DARPA Eyes New Weapon Concepts In 2021 Program Plans
A multi-target air-to-air weapon and gun-armed close-support missile are among new projects DARPA plans to launch in fiscal 2021. New approaches to communicating in contested environments, attacking signals and countering laser weapons are also on the list.
The Defense Department is seeking $3.57 billion in funding for its advanced research projects agency in 2021, an increase of just over 3% from 2020.
Among the projects planned for initiation in 2021 is LongShot, for which DARPA is seeking $22 million. LongShot will demonstrate an air-launched weapon system that will use a slower-speed, longer-range air vehicle for transit to the engagement zone where it will launch multiple air-to-air missiles.
The weapon will be carried externally on existing fighters or internally on bombers. Multi-mode propulsion will significantly increase engagement range while allowing air-to-air missiles to be launched closer to their targets, reducing reaction time and increasing terminal energy and kill probability.
LongShot appears to be a follow-on to the Flying Missile Rail concept revealed by DARPA in 2017. This was a device carrying a pair of AIM-120 air-to-air missiles that could remain under the wing of and F-16 or F/A-18 or fly away from the host aircraft, acting as a booster to extend the range of the missiles.
“LongShot will explore new engagement concepts for multi-modal, multi-kill systems that can engage more than one target,” according to DARPA budget documents. Fiscal 2021 funding would take the program through to a preliminary design review for the demonstration system.
DARPA is seeking $13.3 million for begin the Gunslinger program to demonstrate a tactical-range weapon that will combine the maneuverability of a missile with ability of a gun to engage different types of target. Envisioned missions are close air support, counter insurgency and air-to-air engagements.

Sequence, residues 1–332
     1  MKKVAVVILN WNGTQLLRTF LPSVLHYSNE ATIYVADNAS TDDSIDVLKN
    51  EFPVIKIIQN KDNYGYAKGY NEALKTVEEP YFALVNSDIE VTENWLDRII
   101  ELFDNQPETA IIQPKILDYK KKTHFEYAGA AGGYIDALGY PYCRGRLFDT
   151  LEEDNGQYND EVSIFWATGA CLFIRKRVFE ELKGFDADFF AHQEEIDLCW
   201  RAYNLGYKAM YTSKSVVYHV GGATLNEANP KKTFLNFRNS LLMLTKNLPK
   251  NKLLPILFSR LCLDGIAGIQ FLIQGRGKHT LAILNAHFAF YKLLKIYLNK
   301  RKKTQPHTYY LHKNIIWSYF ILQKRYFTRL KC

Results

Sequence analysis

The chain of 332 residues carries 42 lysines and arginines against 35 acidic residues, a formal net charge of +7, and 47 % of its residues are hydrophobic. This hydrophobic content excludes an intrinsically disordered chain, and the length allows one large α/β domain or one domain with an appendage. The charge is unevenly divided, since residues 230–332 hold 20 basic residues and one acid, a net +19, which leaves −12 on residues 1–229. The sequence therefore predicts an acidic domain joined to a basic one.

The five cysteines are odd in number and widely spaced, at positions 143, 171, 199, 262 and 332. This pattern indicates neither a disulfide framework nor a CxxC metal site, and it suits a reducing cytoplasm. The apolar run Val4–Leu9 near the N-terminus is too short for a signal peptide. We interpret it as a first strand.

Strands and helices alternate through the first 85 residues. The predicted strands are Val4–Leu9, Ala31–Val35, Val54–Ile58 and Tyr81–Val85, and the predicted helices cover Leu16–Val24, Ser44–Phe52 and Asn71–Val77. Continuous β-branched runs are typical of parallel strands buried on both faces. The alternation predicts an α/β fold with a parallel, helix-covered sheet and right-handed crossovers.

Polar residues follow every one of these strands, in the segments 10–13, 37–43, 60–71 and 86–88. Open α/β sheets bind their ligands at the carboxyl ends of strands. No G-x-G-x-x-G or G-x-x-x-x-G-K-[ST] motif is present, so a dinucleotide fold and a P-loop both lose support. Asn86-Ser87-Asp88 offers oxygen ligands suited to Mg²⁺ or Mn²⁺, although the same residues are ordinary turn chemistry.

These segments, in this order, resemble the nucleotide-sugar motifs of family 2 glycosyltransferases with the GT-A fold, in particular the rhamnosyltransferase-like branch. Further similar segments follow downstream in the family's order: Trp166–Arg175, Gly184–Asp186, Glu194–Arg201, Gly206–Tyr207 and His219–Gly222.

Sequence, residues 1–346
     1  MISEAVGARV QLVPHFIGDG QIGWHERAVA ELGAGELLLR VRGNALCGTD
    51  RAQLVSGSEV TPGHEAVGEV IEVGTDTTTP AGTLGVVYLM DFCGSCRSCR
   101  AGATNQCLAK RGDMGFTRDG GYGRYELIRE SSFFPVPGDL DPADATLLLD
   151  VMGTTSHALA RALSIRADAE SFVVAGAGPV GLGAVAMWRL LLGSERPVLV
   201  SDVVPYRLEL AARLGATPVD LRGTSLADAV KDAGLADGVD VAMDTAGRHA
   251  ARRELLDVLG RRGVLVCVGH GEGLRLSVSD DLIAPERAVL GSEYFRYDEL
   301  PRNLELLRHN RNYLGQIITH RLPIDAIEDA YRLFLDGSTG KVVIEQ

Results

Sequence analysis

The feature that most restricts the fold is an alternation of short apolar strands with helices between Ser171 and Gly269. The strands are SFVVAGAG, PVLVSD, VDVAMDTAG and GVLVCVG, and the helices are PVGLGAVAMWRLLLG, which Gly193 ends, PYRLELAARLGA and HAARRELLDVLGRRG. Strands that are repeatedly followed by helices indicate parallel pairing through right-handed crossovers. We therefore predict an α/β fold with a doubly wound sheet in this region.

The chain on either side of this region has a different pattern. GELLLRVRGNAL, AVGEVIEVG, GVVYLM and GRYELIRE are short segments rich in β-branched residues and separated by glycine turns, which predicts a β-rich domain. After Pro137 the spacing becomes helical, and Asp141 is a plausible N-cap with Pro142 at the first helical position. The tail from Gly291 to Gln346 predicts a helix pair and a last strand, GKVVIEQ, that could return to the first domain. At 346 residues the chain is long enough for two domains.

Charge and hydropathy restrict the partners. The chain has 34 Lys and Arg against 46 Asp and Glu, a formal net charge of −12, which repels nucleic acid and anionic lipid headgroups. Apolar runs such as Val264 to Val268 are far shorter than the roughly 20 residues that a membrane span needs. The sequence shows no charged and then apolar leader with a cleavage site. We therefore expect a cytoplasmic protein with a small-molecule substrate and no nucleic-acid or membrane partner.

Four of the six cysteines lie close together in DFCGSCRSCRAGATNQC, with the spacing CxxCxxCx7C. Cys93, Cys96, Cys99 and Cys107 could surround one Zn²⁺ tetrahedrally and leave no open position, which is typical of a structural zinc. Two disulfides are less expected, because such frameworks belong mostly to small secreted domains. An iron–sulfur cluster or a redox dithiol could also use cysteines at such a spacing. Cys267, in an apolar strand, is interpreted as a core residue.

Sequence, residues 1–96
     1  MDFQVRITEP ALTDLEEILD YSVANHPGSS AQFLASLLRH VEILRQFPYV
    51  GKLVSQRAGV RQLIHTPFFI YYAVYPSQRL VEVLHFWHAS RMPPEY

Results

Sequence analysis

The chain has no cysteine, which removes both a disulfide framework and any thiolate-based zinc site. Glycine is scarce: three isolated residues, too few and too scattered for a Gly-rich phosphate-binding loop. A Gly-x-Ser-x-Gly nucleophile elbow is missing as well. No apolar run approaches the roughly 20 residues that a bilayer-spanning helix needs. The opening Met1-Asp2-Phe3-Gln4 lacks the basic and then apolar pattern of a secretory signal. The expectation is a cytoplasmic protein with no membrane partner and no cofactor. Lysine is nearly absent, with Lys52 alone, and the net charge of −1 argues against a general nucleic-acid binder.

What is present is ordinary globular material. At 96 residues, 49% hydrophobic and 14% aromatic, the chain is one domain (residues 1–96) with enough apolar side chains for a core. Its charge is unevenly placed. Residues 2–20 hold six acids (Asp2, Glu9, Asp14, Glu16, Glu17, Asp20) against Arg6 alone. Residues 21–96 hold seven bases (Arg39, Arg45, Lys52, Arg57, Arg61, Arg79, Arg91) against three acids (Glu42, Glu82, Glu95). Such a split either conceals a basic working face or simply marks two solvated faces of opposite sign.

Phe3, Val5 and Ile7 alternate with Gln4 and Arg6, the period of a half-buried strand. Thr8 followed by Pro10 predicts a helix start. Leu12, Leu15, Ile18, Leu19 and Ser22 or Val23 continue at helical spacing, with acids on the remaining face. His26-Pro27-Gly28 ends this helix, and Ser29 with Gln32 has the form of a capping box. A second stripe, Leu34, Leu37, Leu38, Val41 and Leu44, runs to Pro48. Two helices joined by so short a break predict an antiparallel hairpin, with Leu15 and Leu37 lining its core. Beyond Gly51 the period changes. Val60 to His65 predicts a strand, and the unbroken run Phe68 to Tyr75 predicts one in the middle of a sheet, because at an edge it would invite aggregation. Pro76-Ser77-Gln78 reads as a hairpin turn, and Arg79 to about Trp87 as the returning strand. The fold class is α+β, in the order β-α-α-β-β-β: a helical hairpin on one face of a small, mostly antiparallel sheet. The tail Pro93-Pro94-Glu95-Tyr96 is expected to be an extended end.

Metrics for the system are total range, including transit, loiter and engagement, as well as effectiveness, according to the documents. Development of such a missile system will require vehicle concepts that have the aerodynamic, propulsion and payload to enable a wide operational envelope, says DARPA.
Gunslinger will also require “algorithms that support maneuvering and target recognition to enable expedited command decision making for selecting and engaging targets, and approaches to incorporating modularity of design to reduce cost,” the documents say.
DARPA is seeking $15.1 million in 2021 for another new project, Counter High Energy Lasers (C-HEL), which aims to develop a system to detect, locate and disrupt energy laser weapons before they can inflict irreversible damage.
The project will study novel sensors, protective materials and obscurants as well as optical and kinetic defeat systems. Fiscal 2021 funding would take the project through the conceptual design review for an initial operational C-HEL system and field testing of protective coatings.
Developing small photonic terminals that can establish high-bandwidth communications links between microsatellites and mobile platforms is the goal of Portable Optical Integrated Network Transceivers (POINT), a new project for which $9.2 million is sought in 2021.
Existing optical terminals with gimballed telescopes are too large for microsatellites, and POINT will leverage the recent developments in optical phased-array transmitters to develop transceivers with no moving parts, dramatically reducing their size, weight and power requirements.
Providing tactical beyond-line-of-sight communications in an anti-access/area-denial environment by deploying low-cost expendable repeaters ground vehicles, unmanned aircraft, high-altitude platforms and low-orbiting satellites is the goal of the new Resilient Networked Distributed Multi-Transceiver Communications (RNDMC) project, for which $7.4 million is sought in 2021.
Proportional Weapons, for which $6 million is sought in 2021, is a new project to develop a real-time capability to tune the effects of families of munitions to be able to breach a structure, or clear an area, while minimizing collateral damage. “Novel approaches are needed that are absolutely effective from the air or ground against several scales of primarily urban, concealed threats while not being catastrophically destructive,” say DARPA budget documents.
Other new projects for fiscal 2021 include: Dynamic Airspace Control ($13.7 million), to develop ways to surveil and manage local airspace without using high-power radar; Non-Kinetic Effects ($7.5 million), to develop new electronic-warfare systems to sense, attack and also protect signals; and Port Defense ($7.4 million), to use expendable unmanned undersea vehicles for mine countermeasures.